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Chaim Weizmann Combined Gifted Statesmanship with a Passionate Commitment to Jewish Particularism

April 17 2018

With Israeli independence day approaching, Gil Troy reflects on the life of the chemist and Zionist activist Chaim Weizmann, who was one of the architects of the Balfour Declaration, a crucial leader of the Zionist movement during the Mandate period, and eventually Israel’s first president. Troy notes, among other things, the great Jewish statesman’s understanding of Zionism itself:

The Jewish people have “never based the Zionist movement on Jewish suffering,” [Weizmann] would insist. “The foundation of Zionism was, and continues to be to this day, the yearning of the Jewish people for its homeland, for a national center, and a national life”—for normalcy!

Weizmann’s Zionism put him on the right side of the great 20th-century debate pitting liberal nationalism against totalitarian Communism. One of sixteen children—eleven [of whom] survived into adulthood—he and eight other siblings went Zionist, moved to Palestine, and thrived. Chaim’s brother Shmuel, who embraced Communist universalism, was executed in 1939, in Josef Stalin’s purges. His sister Maria was imprisoned thanks to Stalin’s paranoid, anti-Semitic Doctor’s Plot.

Taking this family argument to the world stage, when studying in Geneva, Weizmann debated the merits of nationalism versus universalism with some exiled Russian Communists, including Leon Trotsky and Vladimir Lenin. . . . [Living in Britain], when his local member of Parliament, Lord Arthur Balfour, wondered why the Jews wouldn’t establish a national homeland in Uganda instead of Palestine, Weizmann asked: “Mr. Balfour, suppose I were to offer you Paris instead of London, would you take it?” Balfour replied: “But Dr. Weizmann, we have London.” Weizmann responded: “True, but we had Jerusalem when London was a marsh.”

In the 1930s and 1940s, with Hitler’s rise to power and Britain’s ban on Jewish immigration to Palestine threatening any hope of a Jewish state, Weizmann found himself without a clear role to play, yet:

Weizmann sidelined was still an epoch-making statesman. He—and his extraordinary pediatrician wife Vera—were now living in the land of Israel, helping [to create] a state where one could be Chaim the scientist and the statesman, the humanist and the Jew, all at once. . . . Believing that science, technology, and education would serve as the new state’s national building blocks, Weizmann helped found the Technion, Hebrew University, and, in 1934, what is today the Weizmann Institute of Science, which recently ranked sixth in the Nature “index of innovation.”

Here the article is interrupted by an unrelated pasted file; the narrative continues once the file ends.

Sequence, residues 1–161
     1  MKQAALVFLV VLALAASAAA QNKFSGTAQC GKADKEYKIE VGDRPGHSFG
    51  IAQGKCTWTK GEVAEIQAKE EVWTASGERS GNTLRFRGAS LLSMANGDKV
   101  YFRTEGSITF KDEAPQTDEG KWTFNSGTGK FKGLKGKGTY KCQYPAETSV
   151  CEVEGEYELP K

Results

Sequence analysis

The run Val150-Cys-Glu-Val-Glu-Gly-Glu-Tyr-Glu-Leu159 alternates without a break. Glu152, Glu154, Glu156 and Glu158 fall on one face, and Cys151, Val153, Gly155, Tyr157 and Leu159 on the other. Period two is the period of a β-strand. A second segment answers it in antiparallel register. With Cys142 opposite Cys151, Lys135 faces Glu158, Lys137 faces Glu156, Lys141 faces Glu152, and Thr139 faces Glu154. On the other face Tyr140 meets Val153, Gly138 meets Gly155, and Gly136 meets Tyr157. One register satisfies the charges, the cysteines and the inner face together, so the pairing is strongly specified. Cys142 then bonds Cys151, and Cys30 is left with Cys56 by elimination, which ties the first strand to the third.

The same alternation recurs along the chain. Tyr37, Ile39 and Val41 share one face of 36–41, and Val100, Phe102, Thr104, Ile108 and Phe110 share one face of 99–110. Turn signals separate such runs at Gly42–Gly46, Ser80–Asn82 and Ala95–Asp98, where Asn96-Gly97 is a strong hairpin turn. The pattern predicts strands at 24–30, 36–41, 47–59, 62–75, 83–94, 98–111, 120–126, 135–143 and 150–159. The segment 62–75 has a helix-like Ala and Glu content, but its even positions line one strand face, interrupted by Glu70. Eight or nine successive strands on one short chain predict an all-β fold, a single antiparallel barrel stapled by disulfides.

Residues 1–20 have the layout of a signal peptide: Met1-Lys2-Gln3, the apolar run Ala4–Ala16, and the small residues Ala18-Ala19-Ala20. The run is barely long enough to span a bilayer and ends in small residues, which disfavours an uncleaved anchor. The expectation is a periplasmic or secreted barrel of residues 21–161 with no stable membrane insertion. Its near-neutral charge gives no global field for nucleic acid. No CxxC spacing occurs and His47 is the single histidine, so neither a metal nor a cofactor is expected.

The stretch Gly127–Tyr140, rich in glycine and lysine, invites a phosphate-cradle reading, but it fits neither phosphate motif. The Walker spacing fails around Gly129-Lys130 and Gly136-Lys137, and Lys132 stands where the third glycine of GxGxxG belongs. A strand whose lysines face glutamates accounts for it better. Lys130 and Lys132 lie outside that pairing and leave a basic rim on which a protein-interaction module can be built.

Read more at Daily Beast

More about: Arthur Balfour, Chaim Weizmann, History of Zionism, Israel & Zionism

What U.S. Success in Syria Should Look Like

April 26 2018

Surveying the history of the Syrian civil war, Jack Keane and Danielle Pletka explain that Bashar al-Assad’s brutal rule and vicious tactics have led to the presence in his country of both Shiite terrorists, led by Hizballah and backed by Iran and Russia, and Sunni jihadist groups like Islamic State (IS) and al-Qaeda. Any American strategy, they argue, must bear this in mind:

The best option is a Syria without Assad, committed to a future without Iranian or Russian influence. This is not a Pollyanna-like prescription; there are substantial obstacles in the way, not least those we have encountered in Iraq. . . . [But] only such a Syria can guarantee an end to Iranian interference, to the transshipment of weapons for Hizballah, and to the proliferation of weapons of mass destruction of the kind we saw used at Douma. (Iran has been instrumental in Syria’s chemical-weapons program for many years.) And, most importantly, only such a Syria can disenfranchise the al-Qaeda and IS affiliates that have found a foothold by exploiting the Syrian people’s desperation.

How do we get there? The United States must first consolidate and strengthen its position in eastern Syria from the Euphrates river to the eastern Syrian border. This involves clearing out the remnants of Islamic State, some several thousand, and ultimately eliminating pockets controlled by the Assad regime and Iranian forces in northeastern Syria. This would enable the creation of a control zone in the eastern part of the country as a base from which to build a credible and capable partner that is not subordinate to the Kurdish chain of command, while effectively shutting down Iran’s strategic land bridge from Iran to the Mediterranean. A regional Arab force, reportedly suggested by President Trump’s new national-security adviser, would be a welcome addition. But we should seriously doubt [the Arabs] will participate without American ground leadership and air support.

In western Syria, the United States should rebuild a Syrian opposition force with advisers, weapons, and air power while upping the pressure on Assad and his cronies to select a pathway to a negotiated peace. Pursuing a settlement in Geneva without such leverage over the Assad regime is pure fantasy. Finally, the United States and other Western powers must impede Iran’s and Russia’s ability to be resupplied. Syria’s airfields must be destroyed, and Syria’s airspace must remain clear.

Read more at National Interest

More about: Hizballah, Iran, ISIS, Politics & Current Affairs, Russia, Syrian civil war, U.S. Foreign policy